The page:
Vail Fire and Emergency Services is reminding residents that the threat of wildfire remains high throughout the fall until substantial snow covers the ground for the winter. The recent Brush Creek Fire north of Silverthorne in Summit County is a “good reminder not to let our guard down,” says Paul Cada, Vail’s wildland program administrator. While most people think of wildland fires as a summertime hazard, Cada says there are two primary fire seasons in the valley. The first is late June through mid-July when conditions are especially hot and dry. The second season is from mid-September until the ground is substantially covered with snow.
Cada would like to remind property owners that a number of services are provided to the community free of charge to help residents prepare for a wildland fire. These services include a free, no obligation, consultation of your property, including steps you can take to improve the safety and survivability of your home in the event of a wildfire. In addition the department provides a free curbside chipping program to assist property owners with the disposal of branches and small trees removed for fire mitigation. The curbside program runs through Oct. 27 and will return next June.
The Brush Creek Fire which began on Oct. 2 and burned 238 acres over seven days was the largest fire in Summit County in the last 100 years and forced the closure of U.S. Highway 9 for a short time. There were no injuries and no structures were lost. The cause of the fire was determined to be lightning in a pine beetle-killed stand.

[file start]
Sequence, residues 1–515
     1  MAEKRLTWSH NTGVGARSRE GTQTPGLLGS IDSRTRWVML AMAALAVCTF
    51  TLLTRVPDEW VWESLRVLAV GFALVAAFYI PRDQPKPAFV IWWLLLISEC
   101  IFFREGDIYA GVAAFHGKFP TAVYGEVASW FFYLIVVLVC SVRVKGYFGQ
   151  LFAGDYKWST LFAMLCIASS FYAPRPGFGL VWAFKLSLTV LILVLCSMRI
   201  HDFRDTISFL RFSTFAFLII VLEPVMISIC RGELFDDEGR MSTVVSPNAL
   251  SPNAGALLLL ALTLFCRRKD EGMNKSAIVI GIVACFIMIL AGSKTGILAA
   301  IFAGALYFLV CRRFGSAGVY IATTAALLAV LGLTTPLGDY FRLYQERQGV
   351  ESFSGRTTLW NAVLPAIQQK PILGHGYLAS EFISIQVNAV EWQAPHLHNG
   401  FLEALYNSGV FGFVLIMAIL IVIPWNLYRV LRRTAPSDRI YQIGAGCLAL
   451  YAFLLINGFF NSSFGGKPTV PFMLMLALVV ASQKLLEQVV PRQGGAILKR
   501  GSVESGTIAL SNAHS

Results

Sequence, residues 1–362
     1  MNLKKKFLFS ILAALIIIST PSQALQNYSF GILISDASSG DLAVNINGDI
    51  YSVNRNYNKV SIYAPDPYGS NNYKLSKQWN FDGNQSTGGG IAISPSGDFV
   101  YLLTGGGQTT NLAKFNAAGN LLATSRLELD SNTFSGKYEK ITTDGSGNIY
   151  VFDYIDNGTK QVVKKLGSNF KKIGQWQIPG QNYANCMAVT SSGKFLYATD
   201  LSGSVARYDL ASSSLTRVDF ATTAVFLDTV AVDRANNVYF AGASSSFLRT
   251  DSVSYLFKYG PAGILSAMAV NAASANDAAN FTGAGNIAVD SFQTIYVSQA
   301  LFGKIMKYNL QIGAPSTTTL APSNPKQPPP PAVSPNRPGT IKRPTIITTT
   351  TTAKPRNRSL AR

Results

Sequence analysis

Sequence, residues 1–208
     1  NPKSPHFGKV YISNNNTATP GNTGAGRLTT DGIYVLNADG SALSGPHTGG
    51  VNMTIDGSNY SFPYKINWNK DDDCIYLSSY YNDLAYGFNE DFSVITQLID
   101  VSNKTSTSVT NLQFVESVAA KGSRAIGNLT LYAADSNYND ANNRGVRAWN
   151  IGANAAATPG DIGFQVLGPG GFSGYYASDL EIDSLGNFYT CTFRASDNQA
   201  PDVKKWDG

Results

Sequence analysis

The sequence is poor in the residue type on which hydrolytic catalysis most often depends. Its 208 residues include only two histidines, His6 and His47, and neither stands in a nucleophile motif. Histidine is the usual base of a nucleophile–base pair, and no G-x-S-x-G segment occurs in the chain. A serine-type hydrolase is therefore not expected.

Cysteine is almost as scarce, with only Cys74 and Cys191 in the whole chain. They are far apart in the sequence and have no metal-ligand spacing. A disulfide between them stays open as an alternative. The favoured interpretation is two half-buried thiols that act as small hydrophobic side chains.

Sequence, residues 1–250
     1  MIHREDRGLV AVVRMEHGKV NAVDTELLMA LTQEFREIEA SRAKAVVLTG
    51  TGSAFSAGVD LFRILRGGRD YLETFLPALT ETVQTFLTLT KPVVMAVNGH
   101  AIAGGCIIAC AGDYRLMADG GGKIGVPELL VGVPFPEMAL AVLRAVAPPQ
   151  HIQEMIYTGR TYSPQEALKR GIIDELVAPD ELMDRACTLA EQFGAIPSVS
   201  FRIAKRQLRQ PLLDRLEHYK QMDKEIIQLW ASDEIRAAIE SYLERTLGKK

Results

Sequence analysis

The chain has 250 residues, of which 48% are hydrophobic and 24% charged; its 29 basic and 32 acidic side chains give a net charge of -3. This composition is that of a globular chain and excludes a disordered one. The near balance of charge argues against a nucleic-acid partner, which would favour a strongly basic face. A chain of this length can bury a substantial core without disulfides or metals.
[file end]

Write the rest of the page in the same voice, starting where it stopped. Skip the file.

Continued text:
A four -person crew from Vail Fire assisted in the Brush Creek Fire response which included more than 100 responders from nine agencies throughout the region. Cada says one of the lessons firefighters took away from this fire was how easy it was to protect nearby homes because of the exceptional mitigation work the homeowners had completed prior to the fire. The approach the property owners took was to protect their structures as a first step and then to work outwards.
He says many of these homes were made of ignition-resistant materials such as metal roofs. Other materials included use of stone and heavy wood siding. In some instances, patios had been built instead of overhanging decks. Additionally, the landscaping around most of the homes was pulled back from the house and well-manicured. While the flames were stopped before they could spread to homes in the evacuation area, there was the potential for spot fires to be ignited near the homes from blowing embers. One of Vail’s responders, Eric Wasdorp, engine boss, described the homes as “by far some of the most easily defendable homes I have experienced in my fire career.” Cada says similar examples exist in Vail, although in smaller numbers.
While significant resources were used to contain the wildfire, Cada says the aftermath of the Brush Creek Fire will also have a long-term beneficial impact in that it will regenerate some old and unhealthy aspen stands and will allow more grass to grow in critical elk wintering area.
For more information, about Vail’s wildfire mitigation programs, contact Cada at 970-477-3475.